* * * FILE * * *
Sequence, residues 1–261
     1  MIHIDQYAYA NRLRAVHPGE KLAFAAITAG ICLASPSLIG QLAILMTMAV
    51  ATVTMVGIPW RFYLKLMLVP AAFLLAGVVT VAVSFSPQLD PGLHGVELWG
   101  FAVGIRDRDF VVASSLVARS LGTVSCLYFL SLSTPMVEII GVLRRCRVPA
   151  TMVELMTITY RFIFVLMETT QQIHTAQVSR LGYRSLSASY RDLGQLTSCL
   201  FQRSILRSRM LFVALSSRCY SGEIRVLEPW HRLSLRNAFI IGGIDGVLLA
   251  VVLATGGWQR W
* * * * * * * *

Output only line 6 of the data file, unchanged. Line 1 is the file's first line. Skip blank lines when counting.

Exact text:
   201  FQRSILRSRM LFVALSSRCY SGEIRVLEPW HRLSLRNAFI IGGIDGVLLA